Chinese stocks look cheap after getting him from regulations, are they worth the risk?
Chinese stocks may be looking cheaper, but underneath the surface are some deeper issues. The increasing regulations on Chinese companies over the past few months left foreign investors with massive losses — which also means these stocks are trading at lower prices. Many are now asking: is it time to buy?
You can’t run and you can’t hide
For years, China let entrepreneurs and businesses grow freely with little oversight. But now, its government has different priorities — emphasizing wealth equality and national security — while addressing the high-cost burden of education, healthcare and property.
And global investors are caught in the middle of this change, with new regulations destroying business models and threatening to slow growth — with some sectors being hit especially hard:
- The KraneShares CSI China Internet ETF (NASDAQ:PGJ), a basket of Chinese internet stocks listed on the US exchange — is down 35% in 2021.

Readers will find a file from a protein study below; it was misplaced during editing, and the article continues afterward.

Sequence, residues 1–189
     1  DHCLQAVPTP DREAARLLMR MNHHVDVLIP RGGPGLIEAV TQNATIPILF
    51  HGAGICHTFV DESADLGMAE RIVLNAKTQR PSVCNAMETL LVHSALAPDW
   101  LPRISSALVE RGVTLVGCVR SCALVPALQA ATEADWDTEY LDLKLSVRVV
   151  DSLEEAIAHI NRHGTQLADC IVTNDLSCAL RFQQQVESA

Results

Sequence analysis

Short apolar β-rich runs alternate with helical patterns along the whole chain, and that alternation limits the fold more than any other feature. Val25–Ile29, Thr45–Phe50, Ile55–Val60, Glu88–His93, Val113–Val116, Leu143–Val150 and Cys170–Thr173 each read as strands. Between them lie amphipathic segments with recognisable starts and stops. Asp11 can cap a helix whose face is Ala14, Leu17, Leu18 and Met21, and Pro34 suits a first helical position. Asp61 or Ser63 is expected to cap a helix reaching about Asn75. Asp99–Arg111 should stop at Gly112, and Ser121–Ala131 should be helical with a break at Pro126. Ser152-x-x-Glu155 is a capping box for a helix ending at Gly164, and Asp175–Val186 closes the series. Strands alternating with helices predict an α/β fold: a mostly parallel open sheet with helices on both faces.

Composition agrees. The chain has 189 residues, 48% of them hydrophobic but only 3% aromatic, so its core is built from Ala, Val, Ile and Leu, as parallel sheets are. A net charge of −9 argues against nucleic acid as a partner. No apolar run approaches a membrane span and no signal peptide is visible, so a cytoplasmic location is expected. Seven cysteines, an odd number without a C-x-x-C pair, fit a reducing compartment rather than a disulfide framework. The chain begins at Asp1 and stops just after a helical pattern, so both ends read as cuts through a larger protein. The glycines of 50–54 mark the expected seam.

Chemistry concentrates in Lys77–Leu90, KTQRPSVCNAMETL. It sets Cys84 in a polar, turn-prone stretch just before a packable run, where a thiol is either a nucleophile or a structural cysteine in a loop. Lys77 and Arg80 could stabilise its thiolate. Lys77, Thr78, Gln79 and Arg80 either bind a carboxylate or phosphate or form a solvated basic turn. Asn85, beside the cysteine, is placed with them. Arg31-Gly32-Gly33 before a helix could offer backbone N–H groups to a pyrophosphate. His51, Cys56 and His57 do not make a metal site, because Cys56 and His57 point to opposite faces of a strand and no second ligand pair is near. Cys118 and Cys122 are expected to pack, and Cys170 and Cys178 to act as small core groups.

- Education companies fell by over 90% from China’s plans to turn for-profit tutoring companies into non-profits.
Yesterday, gaming giant Tencent (OTC:TCEHY) tanked 7% after a Chinese state news article compared online gaming to opium — which was later taken down and revised.
The contrarian play of the year
Investor opinions on Chinese stocks are diverging. While institutional investors have been big sellers of Chinese stocks, global investors have also been buying China-focused funds despite the risks.
- The bulls: Funds, like Baillie Gifford, have big bets on China’s tech sector, citing the potential gains are too compelling to ignore.
- The bears: Cathie Wood’s ARK Invest dumped nearly all its Chinese holdings from its ETFs.
- The cautious: Goldman strategists (via BBG) stated the rules likely won’t hit all companies in a sector but cautioned the sell-off may not be over yet.
There’s an old rule when it comes to investing in Chinese stocks: Align with the Chinese government’s priorities. The challenge now is finding which sectors will be hit next — which is rapidly changing. For now, it’s safer to assume that no sector is immune from regulations.
Investors: Nothing beats homemade
China is seen as a high-growth potential economy that could take over the US’ global dominance one day. But with the US economy chugging along and US companies reporting record earnings, the risk/reward is tilting towards US stocks.